Asked about wind-harvesting technology, most people probably think of giant turbines dotting any given landscape. But today, there are many more ways to capture this abundant natural resource.

The four submissions to the 2018 Land Art Generator design competition for Melbourne highlighted below demonstrate exciting advances in wind energy technology taking place behind the scenes and how these innovations can be incorporated into public artwork. Each of these designs for St Kilda Triangle in the City of Port Phillip is both beautiful and functional, providing stellar models for urban generation in the post-carbon era.




LAGI 2018, wind energy, electrostatic ion generator, wind energy, wind turbine, Aziz Khalili, Ionics Research, BETTER, St Kilda, City of Port Phillip, Melbourne, Australia, renewable energy, clean tech,
Artist Team: Iman Khalili, Aziz Khalili, Puya Khalili, Laleh Javaheri
Energy Technologies: direct wind to electricity generator (D-WEG)
Annual Capacity: 1,200 MWh
A submission to the 2018 Land Art Generator design competition for Melbourne

Aziz Khalili, with help from sons Iman and Puya with Ionics Research + BETTER in Canada, designed a bottle-shaped device that uses Direct Wind to Electricity Generator (D-WEG) technology to convert wind energy into electricity. No moving parts. Minimal energy loss. Wind enters the narrow opening, creating a vacuum at the back that sucks out interior air. More air then rushes in to fill up this space, creating a constant, forceful flow of air from the design’s opening to the back. When that air passes through Seaflute’s narrow neck, which is equipped with an Electrostatic Ion Generator, it creates a long stream of charged electrons that then encounter the module’s Ferromagnetic core. This uses induction to generate an ongoing electrical current that is captured, regulated, and sent directly as a DC current to lithium batteries for storage. It also acts a programmable flute that plays music.




St Kilda Triangle, LAGI 2018, renewable energy, energy tech, clean tech, City of Port Phillip, land art generator initiative, Melbourne, Australia
Artist Team: Martin Mráz, Camila Rodriguez León
Energy Technologies: high altitude wind power (buoyant aerostat), organic photovoltaic (OPV)
Annual Capacity: 50 MWh
A submission to the 2018 Land Art Generator competition for Melbourne

Balo-on is a buoyant airborne turbine (BAT) with a horizontal axis wind turbine within its shell. Pioneered by the Massachusetts Institute of Technology and Altaeros, this technology harnesses the abundant energy in strong, steady winds at higher altitudes of up to 600 meters. The aerostat is aerodynamically shaped so that wind generates lift that helps maintain altitude and buoyancy. Each balloon is covered in a bright and reflective lacquered golden fabric to deter collisions with birds. Adding to its energy-generating capacity are organic photovoltaic cells (OPV) installed on the exterior, a hybrid technology designed to make the most of Melbourne’s unpredictable weather patterns.




UNWIND, LAGI 2018, land art generator initiative, st kilda, city of port phillip, melbourne, australia, renewable energy, high altitude wind turbine, kite power, wind energy, airborne wind energy systems, clean energy, public art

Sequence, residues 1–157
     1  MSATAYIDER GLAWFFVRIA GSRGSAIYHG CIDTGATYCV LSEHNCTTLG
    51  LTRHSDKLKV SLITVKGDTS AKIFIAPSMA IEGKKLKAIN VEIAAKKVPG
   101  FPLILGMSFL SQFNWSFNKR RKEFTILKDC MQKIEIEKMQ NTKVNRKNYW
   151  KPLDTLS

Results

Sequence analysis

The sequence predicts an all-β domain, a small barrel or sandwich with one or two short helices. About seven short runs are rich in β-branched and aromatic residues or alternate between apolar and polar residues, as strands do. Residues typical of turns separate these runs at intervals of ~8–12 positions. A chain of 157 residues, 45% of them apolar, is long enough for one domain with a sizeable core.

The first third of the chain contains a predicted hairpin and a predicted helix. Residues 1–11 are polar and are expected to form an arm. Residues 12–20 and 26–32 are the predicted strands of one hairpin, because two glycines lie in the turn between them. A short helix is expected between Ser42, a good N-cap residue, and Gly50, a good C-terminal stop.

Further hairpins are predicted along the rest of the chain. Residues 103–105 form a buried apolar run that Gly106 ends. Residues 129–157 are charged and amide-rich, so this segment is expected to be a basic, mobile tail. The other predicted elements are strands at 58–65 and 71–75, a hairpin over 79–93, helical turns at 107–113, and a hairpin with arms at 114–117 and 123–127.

Artist Team: David Donley, Michael Cinalli
Energy Technologies: high altitude wind turbine
(kite HAWT)
Annual Capacity: 1,900 MWh
A submission to the 2018 Land Art Generator design competition for Melbourne.

Playing with kites can be fun and regenerative! Kite power is twice as efficient as existing wind energy technology because they can reach higher atmospheric winds that are both more consistent and more powerful than winds closer to the ground. Each unit in UNWIND operates on a system of two kites—connected to a giant ball—that cycle in a yo-yo style. While one kite flies up in a figure eight pattern, the second is retracted. When the first reaches its max height and readies to return, the second begins its ascent. Inside the spheres are two spools connected to ratcheted gears that engage the momentum flywheel, regulating the speed of the unspooling kites. This output rotational energy is connected to a generator that produces electricity for St Kilda. At night, the installation transforms into something else entirely. Placed underneath each sphere’s translucent fiberglass shell is an LED mesh that can be programmed to glow in different hues or to produce images or text, making learning about renewables an enjoyable, inspiring experience.


Wind Blossom


LAGI 2018, Pentatonic, Wind Blossom, green design, energy tech, clean tech, Pico Turbine, Pavegen, wind energy, piezoelectricity, St Kilda Triangle, City of Port Phillip, Melbourne, Australia
Wind Blossom
Artist Team: Joo Hyung Oh, Jae Ho Yoon
Energy Technologies: pico wind turbines, energy-generating pavers
Annual Capacity: 960 MWh
A submission to the 2018 Land Art Generator design competition for Melbourne.

Exemplifying the opposite end of the turbine spectrum, in terms of size, we have this wonderful design from South Korea. Joo Hyung Oh and Jae Ho Yoon envision a series of undulating landforms that enhance views to Port Phillip Bay. Carved into the green hills are 23 tunnels strategically oriented to capture two major wind currents, including northerly winds along the Esplanade and Jacka Boulevard, and another wind stream rising from St Kilda Beach. Inside the tunnels are thousands of tiny pico turbines, which are are more efficient at harvesting wind energy than larger turbines, according to the design team. Combined with Pavegen pavers placed throughout the site, the mini turbines are capable of powering around 200 Australian homes each year.